Kenyatta's War On Corruption


more about geneva; font-size: small; line-height: 115%;”>He said if not addressed, corruption may hinder the implementation if the Vision 2030 and other development goals.

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In his remarks during the National Leadership and Integrity conference on Wednesday at Kenya School of monetary studies, Kenyatta said, “Ladies and Gentlemen, I wish to state very clearly today that my Government will not tolerate corrupt public officers.”

“I believe leadership and integrity are key components in the development of any society,” he emphasized.

This comes at a time when Government is restructuring the organization of the Government through its Vision 2030 its development blueprint aimed at transforming Kenya into a newly industrializing, middle-income country providing a high quality life to all its citizens.

“I believe leadership and integrity will improve governance in our country to a higher level,” said Kenyatta.

He however, noted that although the country is blessed with rich natural resources, relatively developed infrastructure, educated and hardworking workforce, they cannot achieve the vision 2030 goal without eradicating corruption.

“Kenyans must, therefore, be vigilant on how public resources are used in order for us to ensure our development goals are achieved as envisaged,” he said.

Kenyatta has therefore undertaken various measures geared towards strengthening the legal and institutional framework to fight corruption and improve governance.

Some of these reforms include the enactment of the Ethics and Anti-Corruption Commission Act, 2011, and the Leadership and Integrity Act, 2012, among others.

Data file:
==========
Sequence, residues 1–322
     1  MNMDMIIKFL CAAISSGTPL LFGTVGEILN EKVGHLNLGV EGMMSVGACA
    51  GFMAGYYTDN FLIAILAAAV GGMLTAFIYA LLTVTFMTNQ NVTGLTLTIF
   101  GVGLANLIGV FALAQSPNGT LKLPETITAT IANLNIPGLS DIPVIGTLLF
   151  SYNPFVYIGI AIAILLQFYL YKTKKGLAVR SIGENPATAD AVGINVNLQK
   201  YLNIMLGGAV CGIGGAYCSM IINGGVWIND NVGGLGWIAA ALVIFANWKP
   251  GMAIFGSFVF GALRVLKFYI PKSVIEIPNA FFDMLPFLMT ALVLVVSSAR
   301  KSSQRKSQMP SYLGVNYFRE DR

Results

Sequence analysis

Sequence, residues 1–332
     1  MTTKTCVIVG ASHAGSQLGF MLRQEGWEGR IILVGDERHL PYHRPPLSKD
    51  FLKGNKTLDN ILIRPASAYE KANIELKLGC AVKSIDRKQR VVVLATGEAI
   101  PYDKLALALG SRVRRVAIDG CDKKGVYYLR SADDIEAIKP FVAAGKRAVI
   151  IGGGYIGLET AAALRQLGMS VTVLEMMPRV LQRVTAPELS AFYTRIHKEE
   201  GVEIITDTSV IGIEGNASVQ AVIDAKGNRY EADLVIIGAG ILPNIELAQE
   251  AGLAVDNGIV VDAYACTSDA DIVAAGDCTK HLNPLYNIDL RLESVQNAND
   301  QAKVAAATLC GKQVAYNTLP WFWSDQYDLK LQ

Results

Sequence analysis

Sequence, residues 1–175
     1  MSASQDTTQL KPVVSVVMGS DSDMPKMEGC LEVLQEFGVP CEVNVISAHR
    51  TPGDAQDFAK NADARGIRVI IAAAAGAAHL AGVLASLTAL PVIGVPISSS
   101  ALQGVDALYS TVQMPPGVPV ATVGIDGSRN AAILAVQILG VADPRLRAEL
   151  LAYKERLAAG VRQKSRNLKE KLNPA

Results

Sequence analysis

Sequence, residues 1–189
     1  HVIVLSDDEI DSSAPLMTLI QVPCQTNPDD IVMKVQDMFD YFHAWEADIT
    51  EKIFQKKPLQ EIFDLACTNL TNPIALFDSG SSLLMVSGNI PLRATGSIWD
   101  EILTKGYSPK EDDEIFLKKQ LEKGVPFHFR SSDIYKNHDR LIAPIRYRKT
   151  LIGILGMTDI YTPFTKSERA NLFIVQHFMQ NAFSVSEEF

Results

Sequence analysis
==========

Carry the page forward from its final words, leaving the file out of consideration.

The country has also adopted a new Constitution which is very clear on matters of integrity and governance and which obliges state officers to carry out their duties efficiently and effectively, while demanding that government activities be transparent, responsible and accountable.

Kenyatta noted that in spite of the progress made in the fight against corruption, it still remains rife in public institutions and much more remains to be done.

“I remind all public officers that the authority assigned to them is a public trust. All public officers have a responsibility to serve the people, rather than themselves. I expect all public officers to abide by the guiding principles of leadership and integrity.”

He gave principles to ensure such as selection on the basis of personal integrity, competence and suitability; selfless service based solely on public interest; accountability to the public for decisions and actions; and discipline and commitment in service to the people.

Kenyatta assured Kenyans that his government is committed to cleaning the public service to ensure offices are manned by men and women of integrity.

He reiterated that public resource wastage cannot and will not be tolerated. “Public resources should be allocated according to policy priorities and all public institutions should ensure efficient spending and value for money.”

To be effective in fighting corruption, Kenyatta also called upon the anti-corruption agencies to map all key services that are demanded by wananchi on regular basis and to identify ministries and departments that are high up in the corruption index and where willingness to change is minimal.

“As we do our part as Government, it must not be forgotten that corruption is a multifaceted phenomenon which requires to be addressed by multiple actors.”

He appealed to the private sector, professional organizations, media, the civil society and all Kenyans, to work together in a concerted manner and fight against corruption.

“Let us all move beyond the practice of decrying the prevalence of corruption within Government and join hands in doing what each one of us can do to eradicate this vice from our society,” he said.


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